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The Illogic of the Vulcan Vision:
A Rant Against the New Vulcans on "Enterprise"... and Their Creators
Rev. Antonio Hernández, O.M.D.
Berman and Braga, contrary to their arrogant boasting, are going where too many have gone before.

Star Trek 'Enterprise'

Some time back I offered a real-life explanation and examples of the philosophy followed by "Star Trek’s" Vulcans. It seems, though, that another Vulcan subject must be tackled to the ground. Hopefully I shall do it logically.
It makes very little difference to me what critics and other small-minded folk think. The new "Star Trek" series offering, "Enterprise"-- which airs Wednesdays on the tiny little network UPN-- is not all that bad.
I’m not raving about it, not saying it’s great or even really good; just not bad. However, I do have one sore spot. The idiots who are in charge of this series, a two-man team called Rick Berman (producer) and Brannon Braga (writer and producer-pretender), are totally responsible for this sore spot.
They have demolished the Vulcan race.

Being an original generation Trekkie, I can offer a bit of insight into what Gene Roddenberry had in mind when he created "Star Trek" and Mr. Spock. He wanted to show some bit of racial tension, expressed metaphorically by the way most humans reacted to Mr. Spock. He wanted to point up social problems by featuring the Earthlings’ attitude toward the Vulcans in general.
So he made a Vulcan who was half human– after all, a bit of each of us resides in each other. Mr. Spock seemed to have faced a mightier struggle than most Vulcans: his pesky humanity. It was pointing to a much larger issue, that of "racial mixing" and racism in general. Yet Spock was the beloved friend of Capt. Kirk and Dr. McCoy– he even managed to return that love, and allowed himself the occasional smile.

He also had a totally hot human lusting after him.
We admire Spock’s peace, his calm, his strength in the face of self-doubt and ridicule. Leonard Nimoy, who single-handedly created Roddenberry’s Vulcan vision on the television screen, is a genius for that accomplishment alone. The late Mark Lenard certainly earned great kudos, playing Ambassador Sarek, Spock’s intrepid father.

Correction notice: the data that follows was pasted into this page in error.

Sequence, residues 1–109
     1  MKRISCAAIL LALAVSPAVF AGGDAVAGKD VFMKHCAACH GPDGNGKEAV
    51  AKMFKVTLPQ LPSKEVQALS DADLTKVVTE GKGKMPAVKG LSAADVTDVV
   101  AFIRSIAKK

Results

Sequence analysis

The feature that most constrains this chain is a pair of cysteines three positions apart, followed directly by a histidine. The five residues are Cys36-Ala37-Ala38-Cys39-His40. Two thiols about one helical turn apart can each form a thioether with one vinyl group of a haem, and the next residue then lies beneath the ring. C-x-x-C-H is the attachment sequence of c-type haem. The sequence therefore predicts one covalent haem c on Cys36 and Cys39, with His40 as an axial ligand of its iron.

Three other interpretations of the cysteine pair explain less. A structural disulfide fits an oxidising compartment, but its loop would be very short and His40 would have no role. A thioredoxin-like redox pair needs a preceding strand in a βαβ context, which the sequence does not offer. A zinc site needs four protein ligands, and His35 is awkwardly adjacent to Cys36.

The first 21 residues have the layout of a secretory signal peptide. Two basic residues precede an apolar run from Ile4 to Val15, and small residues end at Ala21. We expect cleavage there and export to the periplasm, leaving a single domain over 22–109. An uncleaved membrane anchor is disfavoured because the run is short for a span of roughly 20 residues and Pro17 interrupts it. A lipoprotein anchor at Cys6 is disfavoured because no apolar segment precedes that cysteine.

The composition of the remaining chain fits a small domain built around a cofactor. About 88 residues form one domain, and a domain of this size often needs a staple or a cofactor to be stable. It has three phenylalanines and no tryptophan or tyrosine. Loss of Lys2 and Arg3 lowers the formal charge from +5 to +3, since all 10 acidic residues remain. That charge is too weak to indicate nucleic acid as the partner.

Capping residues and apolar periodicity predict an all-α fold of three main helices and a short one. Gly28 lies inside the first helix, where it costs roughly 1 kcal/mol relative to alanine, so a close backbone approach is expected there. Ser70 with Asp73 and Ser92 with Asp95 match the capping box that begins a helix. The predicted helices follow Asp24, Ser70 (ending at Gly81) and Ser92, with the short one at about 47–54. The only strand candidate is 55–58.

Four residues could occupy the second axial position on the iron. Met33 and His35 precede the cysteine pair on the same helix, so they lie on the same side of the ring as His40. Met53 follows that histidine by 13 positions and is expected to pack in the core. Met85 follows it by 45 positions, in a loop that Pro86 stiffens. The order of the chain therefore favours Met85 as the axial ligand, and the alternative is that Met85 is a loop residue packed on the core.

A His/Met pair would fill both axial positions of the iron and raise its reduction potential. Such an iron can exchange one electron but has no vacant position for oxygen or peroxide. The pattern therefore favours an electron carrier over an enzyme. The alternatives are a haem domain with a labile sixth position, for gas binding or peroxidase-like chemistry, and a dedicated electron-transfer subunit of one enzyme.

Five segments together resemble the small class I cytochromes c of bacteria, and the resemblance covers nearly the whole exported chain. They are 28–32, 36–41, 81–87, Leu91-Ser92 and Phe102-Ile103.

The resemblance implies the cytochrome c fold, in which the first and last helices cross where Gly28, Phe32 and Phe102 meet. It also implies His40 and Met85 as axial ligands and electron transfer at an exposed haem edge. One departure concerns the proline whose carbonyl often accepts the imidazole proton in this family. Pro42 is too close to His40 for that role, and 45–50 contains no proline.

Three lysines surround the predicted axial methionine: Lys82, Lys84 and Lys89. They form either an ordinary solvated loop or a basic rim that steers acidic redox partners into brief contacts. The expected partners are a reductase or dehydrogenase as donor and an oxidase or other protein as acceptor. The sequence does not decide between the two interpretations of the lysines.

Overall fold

We admired both the characters these men brought to life on the screen, for their power, their discipline, their superancient culture. Personally, they gave me a hope I would never again feel from any fictional character. Now Berman, an obnoxious baby-boomer, and Braga, a snotty Gen-X brat, have destroyed all that hard work.

In the almost 40 episodes, two seasons, of "Enterprise" that have aired since its premier last September, the Vulcans have shown themselves to be petty, nasty liars with a penchant for figuratively spitting in the Earthling government’s face.

They have been shown throwing tantrums, issuing one whack-a-doodle ultimatum after another, and behaving irrationally– and these are just the cardboard cut-out characters.
Jolene Blalock, who is for some reason the most hated actress ever to appear in any "Star Trek" film, plays Enterprise’s Vulcan shipmate T’Pol. Now, I admit that in her ever-present catsuit she looks like a sullen 14-year-old boy with breasts, but she acts passably well... and she’s improving.